I HAVE BEEN working on this book for nearly seven years, and have discussed issues relating to it with nearly every late Romanist and early medievalist I have met during that time; I have gained insights from too many people to list. First of all, I should like to thank those who commented on sections of the book: Leslie Brubaker, who read almost the whole text; Paul Fouracre, John Haldon, Hugh Kennedy, and Eduardo Manzano, who read sections of Chapter 3; Mayke de Jong, Paul Fouracre, John Haldon, Guy Halsall, Peter Heather, Eduardo Manzano, and Peter Sarris, who read sections of Chapter 4; Jean-Pierre Devroey and Domenico Vera, who read sections of Chapter 5; Steven Bassett, Nicholas Brooks, Wendy Davies, Simon Esmonde-Cleary, and Patrick Wormald, who read Chapter 6; Steven Bassett, Matt Innes, and Peter Sarris, who read sections of Chapter 7; Sonia Gutiérrez, Helena Hamerow, Simon Loseby, and Mark Whittow, who read sections of Chapter 8; Domenico Vera and Chris Dyer, who read Chapter 9; Simon Loseby, who read all of, and Lisa Fentress and John Haldon, who read sections of, Chapter 10; Paul Arthur, Lisa Fentress, Jodi Magness, Olga Magoula, Eduardo Manzano, Paul Van Ossel, and Bryan WardPerkins, who read some or all of Chapter 11. They were often sharp critics, and I gained immensely from their insights, suggestions, and bibliographical references; I know they do not all agree with my conclusions.
Another group of people, partially overlapping, consists of friends with whom I started when I needed to get a sense of the bibliography of a given region: people I could not do without as guides to one area or another. These include Steven Bassett, Julio Escalona, Simon Esmonde-Cleary, Lisa Fentress, Riccardo Francovich, Hugh Kennedy, Eduardo Manzano, Ulf Näsman, Pierre Ouzoulias, Claude Raynaud, Peter Sarris, and Paul Van Ossel. I must also here express my great debt to Rosamond McKitterick, Ghislaine Noyé, and Pierre Toubert, who invited me to teach in, respectively, the University of Cambridge (to give the 2003 Trevelyan Lectures), the École des Chartes, and the Collège de France; the lectures I gave there are all, in more or less revised form, in this book and I gained enormously from the conversations and library access—and the time to research and write—that I had both in Cambridge and in Paris.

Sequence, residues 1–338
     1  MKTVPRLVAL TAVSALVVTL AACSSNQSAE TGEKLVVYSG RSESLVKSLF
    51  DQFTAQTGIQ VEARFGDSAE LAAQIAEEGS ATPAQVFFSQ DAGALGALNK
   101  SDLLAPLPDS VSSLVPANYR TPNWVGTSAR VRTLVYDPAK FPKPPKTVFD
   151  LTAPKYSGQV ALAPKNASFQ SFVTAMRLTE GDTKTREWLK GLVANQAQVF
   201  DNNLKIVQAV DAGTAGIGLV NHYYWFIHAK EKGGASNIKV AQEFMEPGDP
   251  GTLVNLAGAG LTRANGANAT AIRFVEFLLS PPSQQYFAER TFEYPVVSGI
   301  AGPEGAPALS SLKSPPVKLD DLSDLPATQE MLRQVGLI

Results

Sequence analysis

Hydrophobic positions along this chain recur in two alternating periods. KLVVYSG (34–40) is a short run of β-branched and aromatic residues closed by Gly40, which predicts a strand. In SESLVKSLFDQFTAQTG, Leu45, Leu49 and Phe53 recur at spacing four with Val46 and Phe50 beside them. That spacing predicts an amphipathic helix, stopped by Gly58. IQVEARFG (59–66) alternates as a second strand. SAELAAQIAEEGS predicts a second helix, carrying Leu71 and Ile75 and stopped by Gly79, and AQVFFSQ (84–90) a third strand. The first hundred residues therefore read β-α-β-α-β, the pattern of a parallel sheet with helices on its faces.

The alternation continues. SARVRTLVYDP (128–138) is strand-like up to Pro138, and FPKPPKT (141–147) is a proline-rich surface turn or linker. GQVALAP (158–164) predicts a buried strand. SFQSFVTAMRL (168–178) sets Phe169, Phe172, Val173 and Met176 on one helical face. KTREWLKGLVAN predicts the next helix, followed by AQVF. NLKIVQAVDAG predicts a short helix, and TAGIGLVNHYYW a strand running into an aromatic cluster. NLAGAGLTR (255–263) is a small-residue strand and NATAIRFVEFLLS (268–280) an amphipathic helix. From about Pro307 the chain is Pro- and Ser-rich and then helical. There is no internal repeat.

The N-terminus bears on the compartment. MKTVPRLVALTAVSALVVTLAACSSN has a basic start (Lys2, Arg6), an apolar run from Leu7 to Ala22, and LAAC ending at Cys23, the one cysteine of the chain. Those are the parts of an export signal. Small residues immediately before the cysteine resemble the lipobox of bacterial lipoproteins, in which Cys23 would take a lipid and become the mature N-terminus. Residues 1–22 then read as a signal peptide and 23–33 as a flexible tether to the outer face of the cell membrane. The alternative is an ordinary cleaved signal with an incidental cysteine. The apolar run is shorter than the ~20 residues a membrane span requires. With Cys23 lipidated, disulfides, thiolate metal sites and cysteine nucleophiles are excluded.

I benefited from ideas and bibliographical or other help from, apart from those mentioned above, Stuart Airlie, Donald Bailey, François Baratte, Bernard Bavant, Andrea Berlin, François Bougard, Monique Bourin, Alan Bowman, Luis Caballero, Federico Cantini, Gill Clark, Simon Corcoran, Bill Day, Paolo Delogu, Archie Dunn, Santiago Feijoo, Laurent Feller, Rebecca Foote, Sauro Gelichi, Sharon Gerstel, Mary Harlow, Jill Harries, Catherine Hills, Richard Hodges, Sonja Jilek, Jeremy Johns, Olga Karagiorgiou, Sean Kingsley, Luke Lavan, Stéphane Lebecq, Régine Le Jan, Wolf Liebeschuetz, Antonio Malpica, Cyril Mango, Alessandra Molinari, Jinty Nelson, Margaret O'Hea, Lauro Olmo, Helen Patterson, Walter Pohl, Andrew Poulter, Dominic Rathbone, Mark Redknap, Paul Reynolds, Charlotte Roueché, Riccardo Santangeli, Sven Schütte, Chris Scull, Trish Skinner, Jean-Pierre Sodini, Frédéric